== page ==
“Craig is one of the finest individuals I have ever had the pleasure of working with. He is incredibly hard-working, dedicated, insightful, strategic, and always somehow managed to balance the best needs of the customer with the best needs of the company. He’s also whip-smart, and consistently offered the best, most useful feedback on new product enhancements of anyone in the company. Last but not least, Craig is one of the few people I have ever worked with in whom I had (and have) complete trust in his judgement and integrity.”
Unfortunately for the both of us, when he contacted me to tell me just how much this meant to him (not only what I said but the fact that he knew I meant every word, I was being driven to the competition and so I was in full-on competitor mode and as such not feeling anything other than pure focus. I remember feeling that the magnitude of the emotional connection was lost on me at that point, and that was a little bit sad. But Craig is the sort of teammate you want to have: someone you trust, who you can rely on, and who you know has the best interests of the company at heart and isn’t just out for himself. I actually told him on the chat that if he ever EVER wanted to consider relocating to South Africa I’d make a role for him. Because we need people like him to help change the world.
Back in the Ask Jeeves days, our CEO Rob Wrubel used to talk about changing the world. We used to laugh at him a little bit, but that was because you’d have to be incredibly self-centered to believe that changing the way people searched for information was fundamentally going to change the world. I think Google has changed the world more with Maps than with search, to be honest (but that’s a subject for another day).
Here, in the work that I do, we are actually trying to change the world. To change how people think about business. Sometimes the way to go about doing this is confusing, and goodness knows we’ve faced our share of challenges, and will continue to do so. But the amount of learning and strength you gain from that is almost indescribable. I’m a different person than I was when I moved here, and Heart is a big part of that.
It is so easy to get caught up in our own little petty troubles and struggles and whatnot that we forget about why we do what we do. I was reading some notes from field research last week about development challenges in some rural South African communities. The data was depressing to say the least. You know there are issues with government corruption, and with unemployment, lousy education, well-meaning charities that go in, make a bunch of promises, and then leave things half-built. But to hear quotes from people who actually live in these places …. My word, it’s impossible to read that stuff without feeling compassion, and a desire to help (even if you don’t know how).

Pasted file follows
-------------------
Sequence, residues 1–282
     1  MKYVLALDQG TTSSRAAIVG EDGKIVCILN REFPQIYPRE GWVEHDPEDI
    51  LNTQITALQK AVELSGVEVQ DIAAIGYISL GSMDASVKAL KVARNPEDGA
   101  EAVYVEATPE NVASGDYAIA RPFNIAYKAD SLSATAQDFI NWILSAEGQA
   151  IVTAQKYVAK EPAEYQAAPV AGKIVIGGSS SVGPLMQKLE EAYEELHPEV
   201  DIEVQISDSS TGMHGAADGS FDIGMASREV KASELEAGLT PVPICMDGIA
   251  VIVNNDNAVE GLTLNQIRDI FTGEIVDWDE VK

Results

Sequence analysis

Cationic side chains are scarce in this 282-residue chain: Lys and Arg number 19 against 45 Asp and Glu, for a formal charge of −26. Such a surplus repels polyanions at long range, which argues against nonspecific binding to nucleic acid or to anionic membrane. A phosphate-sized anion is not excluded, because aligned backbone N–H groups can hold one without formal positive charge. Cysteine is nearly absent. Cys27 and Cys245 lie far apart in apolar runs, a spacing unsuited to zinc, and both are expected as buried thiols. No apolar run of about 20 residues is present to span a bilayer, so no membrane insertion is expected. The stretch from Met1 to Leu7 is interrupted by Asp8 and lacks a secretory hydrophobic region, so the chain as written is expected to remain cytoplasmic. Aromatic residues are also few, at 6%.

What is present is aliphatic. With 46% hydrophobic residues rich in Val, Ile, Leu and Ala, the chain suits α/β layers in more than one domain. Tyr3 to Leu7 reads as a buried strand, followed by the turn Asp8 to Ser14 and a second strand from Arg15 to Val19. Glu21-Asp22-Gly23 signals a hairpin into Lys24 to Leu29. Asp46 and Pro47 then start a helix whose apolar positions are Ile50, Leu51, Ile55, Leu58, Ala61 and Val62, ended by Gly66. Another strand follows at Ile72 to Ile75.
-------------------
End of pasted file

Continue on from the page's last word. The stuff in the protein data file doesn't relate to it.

On a related note, there was a march against poverty lastweek. Now, Julius Malema is a lot of things: I guess he’s kind of a South Africa Huge Chavez or Evo Morales. But he’s capitalizing on an undercurrent of discontent. Those people didn’t just march down the street. They marched 56km. That is not a trivial distance. I was saying on Facebook how when I walked 50km over two days to Rocking the Daisies I was feeling pretty damn stiff and tired (and this was with food and water being handed to us on a regular basis!) and I fancied myself pretty fit, to which Mo produced this hilarious but poignant comment (as is his norm – the man has the best status updates ever):
“You’re not incredibly fit, you’re inhumanely fit. Like, on the real, human beings don’t get that fit. Which, again, highlights my point. People are angry, and they’re venting in ways the media think are ‘unconstructive’. Now imagine they focus that energy in ways we consider ‘civil disobedience’. Things are very real in this country right now…”
I sent him to watch this video of Dan Baileybefore expounding on my fitness level. But more to the point, he sees what I see.
I’ve said this before and I’ll say it again: the masses of this country need hope. Not illusory hope. Real hope. Which means real progress. Which actually means we should quit our navel-gazing and quit whining about all the problems from staff to funding to the culture of dependency to the shit levels of education to the inefficiencies of government (hell, we can always complain).
We need each other. I’m not saying by any means that it’s everyone’s duty explicitly to try and make the world a better place. We can all do that in our own little ways by doing work that we love, and taking pride in the work that we do. But sometimes I worry how when even the smallest teams trying to do the simplest things can tie themselves up in knots, how are we supposed to solve the big problems of the world? United we stand, divided we fall: there is some truth to these clichés I think.
You never realise how time is running out until it’s gone, now do you?
- “I didn’t say it was interesting. I said it was disturbing.” – Ellie
- “I would say good luck but you don’t need luck because you’ve got talent.” – Jacques
- “One thing I’ve learned about CrossFit is that it seems to cause a lot of injuries.” – Liz
- “We’ve got a Halloween party tonight so you’ll fit right in.” – staff of the Keg
- “Henry wants me to ask you if you’re on speed, you’re talking so fast!” – Joh
- “It’s the people that drive slow that cause the accidents.” – Mona
- “I believe that I have an allergy to alcohol. Where’s my wine?” – Bianca
- “Vermont? Oh, cool. Texas!” – Bianca
- “It looks like the house from Charmed!” – Keera